5

So here's the situation: I'm using C++, SDL and GLConsole in conjunction. I have a class, SDLGame, which has the Init(), Loop(), Render() etc - essentially, it holds the logic for my game class.
GLConsole is a nice library so far - it lets me define CVars and such, even inside my SDL class. However, when defining commands, I have to specify a ConsoleFunc, which is typedef'd as

typedef bool (*ConsoleFunc)( std::vector<std::string> *args);

Simple enough. However, like I said, my functions are all in my class, and I know I can't pass pointer-to-class-functions as pointer-to-function arguments. I can't define static functions or make functions outside my class because some of these ConsoleFuncs must access class data members to be useful. I'd like to keep it OOP, since - well, OOP is nice.

Well, I actually have this problem "solved" - but it's extremely ugly. I just have an instance of SDLGame declared as an extern variable, and use that in my ConsoleFuncs/main class.

So, the question is: Is there a way to do this that isn't stupid and dumb like the way I am doing it? (Alternatively: is there a console library like GLConsole that supports SDL and can do what I'm describing?)

7

If the only interface you have is that function pointer, then you're screwed.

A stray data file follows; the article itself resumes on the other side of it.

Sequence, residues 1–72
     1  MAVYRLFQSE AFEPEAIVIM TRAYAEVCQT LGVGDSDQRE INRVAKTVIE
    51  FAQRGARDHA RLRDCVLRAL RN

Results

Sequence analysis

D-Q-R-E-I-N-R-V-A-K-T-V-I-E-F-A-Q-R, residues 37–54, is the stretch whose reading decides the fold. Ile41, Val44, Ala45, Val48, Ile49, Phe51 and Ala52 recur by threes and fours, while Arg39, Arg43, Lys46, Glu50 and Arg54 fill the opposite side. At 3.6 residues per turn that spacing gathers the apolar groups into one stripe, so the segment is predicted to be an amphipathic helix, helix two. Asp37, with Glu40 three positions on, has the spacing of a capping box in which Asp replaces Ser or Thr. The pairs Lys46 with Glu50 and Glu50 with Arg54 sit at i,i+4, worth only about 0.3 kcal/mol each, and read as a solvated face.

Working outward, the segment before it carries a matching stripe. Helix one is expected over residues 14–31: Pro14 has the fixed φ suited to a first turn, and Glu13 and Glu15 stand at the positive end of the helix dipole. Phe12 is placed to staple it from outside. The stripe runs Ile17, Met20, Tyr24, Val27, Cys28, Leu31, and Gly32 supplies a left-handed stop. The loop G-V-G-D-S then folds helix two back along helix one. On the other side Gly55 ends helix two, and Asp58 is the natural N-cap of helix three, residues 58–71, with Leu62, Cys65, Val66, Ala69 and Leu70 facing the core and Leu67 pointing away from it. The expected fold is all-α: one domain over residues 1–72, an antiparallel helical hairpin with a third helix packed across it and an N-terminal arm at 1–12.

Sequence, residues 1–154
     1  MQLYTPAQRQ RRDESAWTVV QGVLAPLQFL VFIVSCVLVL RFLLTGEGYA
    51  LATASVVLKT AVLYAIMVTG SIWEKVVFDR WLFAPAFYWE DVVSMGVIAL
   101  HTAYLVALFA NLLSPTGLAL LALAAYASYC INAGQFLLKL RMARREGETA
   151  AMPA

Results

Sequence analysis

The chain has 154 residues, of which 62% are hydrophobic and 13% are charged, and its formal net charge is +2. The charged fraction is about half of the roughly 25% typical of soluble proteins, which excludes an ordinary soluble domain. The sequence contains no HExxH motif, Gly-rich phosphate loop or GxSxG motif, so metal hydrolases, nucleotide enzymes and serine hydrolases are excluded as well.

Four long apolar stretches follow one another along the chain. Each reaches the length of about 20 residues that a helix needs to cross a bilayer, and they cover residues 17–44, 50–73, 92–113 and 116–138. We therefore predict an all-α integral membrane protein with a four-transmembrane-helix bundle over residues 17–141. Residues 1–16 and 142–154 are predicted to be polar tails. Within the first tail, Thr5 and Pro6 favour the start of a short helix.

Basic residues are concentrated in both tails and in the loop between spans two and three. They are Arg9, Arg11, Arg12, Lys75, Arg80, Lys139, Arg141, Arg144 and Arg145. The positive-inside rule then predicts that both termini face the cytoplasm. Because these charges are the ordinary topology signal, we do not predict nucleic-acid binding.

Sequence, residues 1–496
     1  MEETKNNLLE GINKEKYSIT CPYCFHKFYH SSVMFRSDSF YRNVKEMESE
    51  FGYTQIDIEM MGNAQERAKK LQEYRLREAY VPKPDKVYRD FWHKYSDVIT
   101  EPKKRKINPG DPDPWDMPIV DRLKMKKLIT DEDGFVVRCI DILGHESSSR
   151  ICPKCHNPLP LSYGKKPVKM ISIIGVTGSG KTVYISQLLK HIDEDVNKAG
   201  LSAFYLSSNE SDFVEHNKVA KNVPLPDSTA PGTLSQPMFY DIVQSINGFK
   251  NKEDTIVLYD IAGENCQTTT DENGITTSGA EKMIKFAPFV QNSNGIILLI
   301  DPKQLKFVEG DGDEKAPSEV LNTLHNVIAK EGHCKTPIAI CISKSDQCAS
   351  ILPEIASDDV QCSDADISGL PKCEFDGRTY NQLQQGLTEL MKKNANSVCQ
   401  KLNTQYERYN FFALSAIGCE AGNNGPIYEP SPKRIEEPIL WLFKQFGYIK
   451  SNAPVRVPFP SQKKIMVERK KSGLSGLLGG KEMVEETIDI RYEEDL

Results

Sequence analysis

A member function needs a this pointer to be called, and if you have no way of passing that, you're out of luck (I guess the std::vector<std::string>* args pointer is what you get passed from the library).

In other words, even though that library uses C++ containers, it's not a good C++ library, because it relies on free functions for callbacks. A good C++ library would use boost::function or something similar, or would at the very least let you pass a void* user_data pointer that gets passed through to your callback. If you had that, you could pass the this pointer of your class, cast it back inside the callback, and call the appropriate member function.

3
  • Well dang. Thanks anyway. Got any suggestions for another library to use? I was looking at OGLConsole, but it has the exact same problem. – Chaosed0 Dec 21 '11 at 17:32
  • @user: Sorry, no library suggestion. :/ – Xeo Dec 21 '11 at 17:39
  • I strongly recommend the usage of a void* "user data". Sure, it's not as a pretty as a modern language 'delegate', but it is a safe path to take since it is your code that registers the callback and the user data as a pair. So, it is 100% safe to just cast the incoming void* to the appropriate class type because the callback is set with that intent in mind. – TheBuzzSaw Dec 24 '11 at 7:09

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